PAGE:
I like Dons posts......
But I’ll have to say the one about the Aussie car industry ignores one particular fact.
Our car market on its death bed ignored one simple fact. That the customer vehicle expectation had moved beyond the crap we were dishing up to the market.
The market was wanting SUVs and larger off road vehicles like the Ford ranger etc, yet the deluded Fks lamenting the demise of the Aussie car market can’t get beyond the idea that the Falcon and Commodore were no longer the vehicle type of choice. It was the local manufacturer of vehicles clinging to a 5-8yr outdated market expectation of vehicle type going forward that spelled their doom.
The Ford Territory being the ONLY exception to this, but that was too little too late.
Pop quiz. Would the burden to the tax payer have been more in the government subsidies to the local car industry over the years, OR paying the entire workforce th equivalent of the dole for the duration local car manufacturing existed??
I guess in the past that I've argued this point with RTT_Rules -
Ford was actually going to expand even in the face of the button report. UP until the Thai/Australian FTA they had plans on the books to build a diesel-engine plant in Australia but a change of Ford Australia CEO plus Howard's spineless non-enforcement of the terms of the Thai/Australia FTA sent a pretty clear signal to the car industry in Australia around 2003: Howard would not go into bat for Aussie jobs.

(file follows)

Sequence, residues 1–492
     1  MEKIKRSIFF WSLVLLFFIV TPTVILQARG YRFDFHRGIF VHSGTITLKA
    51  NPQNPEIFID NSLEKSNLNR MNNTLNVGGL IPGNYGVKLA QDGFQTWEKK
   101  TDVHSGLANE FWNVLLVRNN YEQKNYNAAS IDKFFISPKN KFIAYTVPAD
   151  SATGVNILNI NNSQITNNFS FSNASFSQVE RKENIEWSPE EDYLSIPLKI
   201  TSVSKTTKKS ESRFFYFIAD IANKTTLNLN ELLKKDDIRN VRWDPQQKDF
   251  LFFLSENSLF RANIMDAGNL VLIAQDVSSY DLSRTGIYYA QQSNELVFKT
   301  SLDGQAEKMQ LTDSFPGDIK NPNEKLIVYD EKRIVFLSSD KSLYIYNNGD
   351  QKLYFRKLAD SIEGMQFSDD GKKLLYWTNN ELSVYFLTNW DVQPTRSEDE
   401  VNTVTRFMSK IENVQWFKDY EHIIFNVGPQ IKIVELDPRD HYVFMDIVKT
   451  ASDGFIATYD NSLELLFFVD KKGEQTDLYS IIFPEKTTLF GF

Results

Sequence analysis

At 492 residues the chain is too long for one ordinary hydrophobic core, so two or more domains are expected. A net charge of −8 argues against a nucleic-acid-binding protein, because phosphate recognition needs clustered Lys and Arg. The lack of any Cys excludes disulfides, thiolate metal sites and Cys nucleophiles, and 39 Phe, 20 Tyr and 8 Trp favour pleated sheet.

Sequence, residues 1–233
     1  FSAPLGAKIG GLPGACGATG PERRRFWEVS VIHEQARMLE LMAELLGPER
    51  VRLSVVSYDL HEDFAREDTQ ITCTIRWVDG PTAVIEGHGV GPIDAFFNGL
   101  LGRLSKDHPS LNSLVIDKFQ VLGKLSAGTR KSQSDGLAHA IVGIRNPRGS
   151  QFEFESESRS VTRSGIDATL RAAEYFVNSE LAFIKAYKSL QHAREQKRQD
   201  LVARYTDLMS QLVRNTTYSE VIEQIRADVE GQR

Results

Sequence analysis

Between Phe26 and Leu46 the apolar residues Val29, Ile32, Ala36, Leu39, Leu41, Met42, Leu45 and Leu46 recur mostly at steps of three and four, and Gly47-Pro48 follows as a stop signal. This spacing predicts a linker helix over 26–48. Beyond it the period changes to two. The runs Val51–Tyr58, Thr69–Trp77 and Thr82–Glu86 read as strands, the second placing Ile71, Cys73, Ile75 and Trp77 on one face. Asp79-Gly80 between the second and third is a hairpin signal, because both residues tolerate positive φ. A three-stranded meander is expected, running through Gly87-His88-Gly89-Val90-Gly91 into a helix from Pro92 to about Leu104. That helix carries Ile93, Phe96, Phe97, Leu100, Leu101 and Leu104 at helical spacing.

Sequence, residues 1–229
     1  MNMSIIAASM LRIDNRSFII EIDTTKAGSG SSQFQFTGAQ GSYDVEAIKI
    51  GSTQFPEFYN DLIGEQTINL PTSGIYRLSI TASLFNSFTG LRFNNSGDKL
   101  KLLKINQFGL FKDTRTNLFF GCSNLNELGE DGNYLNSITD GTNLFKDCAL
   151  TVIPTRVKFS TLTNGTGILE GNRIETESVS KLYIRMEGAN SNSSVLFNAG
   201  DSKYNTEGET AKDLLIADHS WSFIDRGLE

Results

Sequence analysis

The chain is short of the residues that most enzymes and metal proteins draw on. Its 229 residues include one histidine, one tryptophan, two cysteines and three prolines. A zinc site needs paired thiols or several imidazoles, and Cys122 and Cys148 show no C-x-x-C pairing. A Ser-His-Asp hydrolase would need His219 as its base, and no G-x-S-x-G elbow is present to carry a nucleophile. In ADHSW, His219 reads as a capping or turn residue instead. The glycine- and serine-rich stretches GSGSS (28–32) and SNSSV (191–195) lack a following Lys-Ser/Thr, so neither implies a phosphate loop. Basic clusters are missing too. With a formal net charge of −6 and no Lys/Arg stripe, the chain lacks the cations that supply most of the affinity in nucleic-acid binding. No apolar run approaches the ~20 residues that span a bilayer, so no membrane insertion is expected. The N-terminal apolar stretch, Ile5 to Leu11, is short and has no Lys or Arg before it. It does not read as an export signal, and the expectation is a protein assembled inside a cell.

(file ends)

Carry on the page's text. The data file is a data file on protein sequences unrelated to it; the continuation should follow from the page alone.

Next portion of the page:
The rest is history - the GFC killed any export industry we had going. Ford came up with the Territory which relied on lots of imported components and never resonated with the public. GM had a red hot try also with the Crewman but it was really thirsty - a mate of mine had a second hand one and it was a bit under-powered with the V6 too.
Ultimately industry had also decided by the mid-2000's that the environment was getting too hostile to local manufacture by the late Howard years and didn't bother to put any more effort into local R&D or the concept that they should even bother making here any more.
Also costs here were getting out-of-control - the cost of housing, compulsory superannuation, the runaway cost of gas and electricity. I don't blame the unions though as car maufacturing continues to be viable in lots of countries where the cost of wages are higher than here. GM found the cost of wages in Korea 25% or so more than Aussie manufacturing but the problem was Daewoo (their purchase in the early nineties which initially imported Aussie parts from the GM chain) was closer to supply chains and there was an effort on the part of the Koreans to keep manufacturing there.
All of the above.